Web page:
Facebook filed to raise $5bn as part of its initial public offering, one of the most eagerly anticipated to have ever emerged from Silicon Valley, according to sources.
The company on Wednesday filed with the US Securities and Exchange Commission (SEC) for the offering set to take place this spring.
According to the International Financing Review five bookrunners have been selected to manage the IPO, including Morgan Stanley, Goldman Sachs, Bank of America, Merrill Lynch, Barclays Capital and JP Morgan
It is unclear as yet how many shares Facebook intends to offer, or how much those shares will be valued, but sources close to the deal claim the total value will be worth around $5bn.
In it filing, the company reported 2011 yearly revenues of $3.71 and income for stockholders at $668m. The filing noted that Mark Zuckerberg continues to hold the majority of stock in the company and controls major decisions.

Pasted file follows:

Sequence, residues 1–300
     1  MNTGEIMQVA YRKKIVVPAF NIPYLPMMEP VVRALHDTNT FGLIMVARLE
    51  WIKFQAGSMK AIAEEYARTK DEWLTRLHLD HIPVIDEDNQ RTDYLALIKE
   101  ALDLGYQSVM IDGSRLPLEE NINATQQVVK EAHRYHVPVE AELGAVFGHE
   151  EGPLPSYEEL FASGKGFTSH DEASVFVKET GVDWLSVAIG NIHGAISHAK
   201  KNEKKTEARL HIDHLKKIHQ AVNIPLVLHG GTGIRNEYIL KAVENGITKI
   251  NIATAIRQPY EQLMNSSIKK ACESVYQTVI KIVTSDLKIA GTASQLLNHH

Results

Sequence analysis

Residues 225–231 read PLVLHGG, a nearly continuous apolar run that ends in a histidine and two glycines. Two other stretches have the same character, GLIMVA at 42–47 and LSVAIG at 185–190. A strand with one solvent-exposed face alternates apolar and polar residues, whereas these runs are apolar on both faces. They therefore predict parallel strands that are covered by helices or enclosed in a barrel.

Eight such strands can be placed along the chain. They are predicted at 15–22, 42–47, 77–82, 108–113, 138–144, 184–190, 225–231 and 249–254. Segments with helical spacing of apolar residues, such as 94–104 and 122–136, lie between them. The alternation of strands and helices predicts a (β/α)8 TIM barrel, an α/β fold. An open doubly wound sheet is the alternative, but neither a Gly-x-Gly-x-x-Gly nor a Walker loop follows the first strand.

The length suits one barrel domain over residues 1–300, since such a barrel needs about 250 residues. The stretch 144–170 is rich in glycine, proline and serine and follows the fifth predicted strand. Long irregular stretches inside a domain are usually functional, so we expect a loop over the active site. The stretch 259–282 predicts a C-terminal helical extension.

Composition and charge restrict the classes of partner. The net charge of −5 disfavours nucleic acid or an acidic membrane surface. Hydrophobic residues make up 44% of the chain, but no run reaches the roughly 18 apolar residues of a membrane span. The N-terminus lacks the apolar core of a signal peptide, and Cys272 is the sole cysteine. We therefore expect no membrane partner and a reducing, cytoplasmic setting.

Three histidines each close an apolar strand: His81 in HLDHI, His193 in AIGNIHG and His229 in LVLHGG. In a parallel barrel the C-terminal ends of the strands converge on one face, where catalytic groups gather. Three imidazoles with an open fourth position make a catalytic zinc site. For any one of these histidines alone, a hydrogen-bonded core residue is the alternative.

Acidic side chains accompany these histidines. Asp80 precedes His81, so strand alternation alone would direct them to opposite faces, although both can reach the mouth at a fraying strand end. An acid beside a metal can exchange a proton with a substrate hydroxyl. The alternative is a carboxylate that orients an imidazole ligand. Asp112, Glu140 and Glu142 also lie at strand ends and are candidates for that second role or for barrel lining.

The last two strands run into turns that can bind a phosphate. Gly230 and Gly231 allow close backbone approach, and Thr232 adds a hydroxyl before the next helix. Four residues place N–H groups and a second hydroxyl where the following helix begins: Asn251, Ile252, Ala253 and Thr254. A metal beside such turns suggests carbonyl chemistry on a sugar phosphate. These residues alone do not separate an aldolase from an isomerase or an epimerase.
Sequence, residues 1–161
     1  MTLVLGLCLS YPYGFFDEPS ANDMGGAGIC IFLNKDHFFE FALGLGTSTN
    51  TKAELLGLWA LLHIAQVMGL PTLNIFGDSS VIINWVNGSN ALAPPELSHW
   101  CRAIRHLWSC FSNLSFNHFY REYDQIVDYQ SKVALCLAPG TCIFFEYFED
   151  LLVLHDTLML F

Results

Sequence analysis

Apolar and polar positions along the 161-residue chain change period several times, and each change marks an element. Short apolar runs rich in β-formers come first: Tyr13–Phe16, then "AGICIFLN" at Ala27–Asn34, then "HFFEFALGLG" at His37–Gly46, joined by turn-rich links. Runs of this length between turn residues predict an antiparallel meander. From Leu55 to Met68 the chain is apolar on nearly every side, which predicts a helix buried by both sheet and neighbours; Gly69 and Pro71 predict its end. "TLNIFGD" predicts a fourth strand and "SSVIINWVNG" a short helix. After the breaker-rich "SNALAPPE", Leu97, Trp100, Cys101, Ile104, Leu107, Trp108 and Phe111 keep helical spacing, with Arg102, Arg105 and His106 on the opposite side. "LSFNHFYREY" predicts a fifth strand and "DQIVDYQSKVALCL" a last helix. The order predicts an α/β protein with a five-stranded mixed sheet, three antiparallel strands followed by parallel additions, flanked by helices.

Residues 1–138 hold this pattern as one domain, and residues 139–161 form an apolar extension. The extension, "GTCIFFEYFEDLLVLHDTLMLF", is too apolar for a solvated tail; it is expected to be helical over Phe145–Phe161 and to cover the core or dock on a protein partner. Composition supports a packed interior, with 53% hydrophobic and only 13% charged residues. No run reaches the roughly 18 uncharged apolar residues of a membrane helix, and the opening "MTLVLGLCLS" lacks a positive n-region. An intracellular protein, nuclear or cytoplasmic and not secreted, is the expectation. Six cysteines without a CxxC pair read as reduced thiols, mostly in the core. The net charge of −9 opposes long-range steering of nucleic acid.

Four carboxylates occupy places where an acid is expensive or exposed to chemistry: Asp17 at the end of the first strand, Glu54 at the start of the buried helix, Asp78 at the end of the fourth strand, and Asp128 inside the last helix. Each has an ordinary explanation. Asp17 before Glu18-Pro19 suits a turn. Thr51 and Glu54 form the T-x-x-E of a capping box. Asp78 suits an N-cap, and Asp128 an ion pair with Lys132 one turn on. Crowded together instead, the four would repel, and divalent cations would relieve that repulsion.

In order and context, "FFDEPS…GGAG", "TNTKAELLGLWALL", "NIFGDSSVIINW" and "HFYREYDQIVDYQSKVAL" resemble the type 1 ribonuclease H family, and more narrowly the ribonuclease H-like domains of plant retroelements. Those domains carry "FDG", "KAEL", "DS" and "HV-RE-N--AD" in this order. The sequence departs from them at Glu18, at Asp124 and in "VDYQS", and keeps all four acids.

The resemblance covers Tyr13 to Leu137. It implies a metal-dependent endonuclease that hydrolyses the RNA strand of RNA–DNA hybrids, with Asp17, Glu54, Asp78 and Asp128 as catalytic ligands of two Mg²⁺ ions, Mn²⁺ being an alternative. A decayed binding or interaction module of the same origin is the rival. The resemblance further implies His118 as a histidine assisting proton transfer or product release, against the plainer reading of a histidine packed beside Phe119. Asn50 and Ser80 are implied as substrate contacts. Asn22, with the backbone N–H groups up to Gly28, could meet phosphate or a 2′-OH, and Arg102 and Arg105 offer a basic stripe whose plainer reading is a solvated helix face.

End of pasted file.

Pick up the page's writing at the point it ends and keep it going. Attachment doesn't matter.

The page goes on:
Following the registration process with the (SEC), the full ICO process could be finalised as early as May.
The initial deal reflects a decision by Facebook to test the waters of the stock market first before diving in.
Previously the full IPO was expected to be valued at between $75bn and $100bn.
Freeform Dynamics programme director, Tony Lock, said he was not surprised that Facebook has not gone for a full IPO just yet.
"In the last couple of years Facebook has raised funds on a number of occasions by different backers, so $5bn is likely to be enough to fund the next stage of business development," he told V3.
"There is no need for Facebook to go for the full blow at one time. And clearly, trying to raise the full amount would stress the economic markets at the moment."
He added that while the $5bn figure may appear low in light of previous speculation, it did not affect how the company may be valued by the market when the firm finally goes public.
"It's a sensible business decision and of course, just because it is a lower IPO, it does not change the value of the company going forward."
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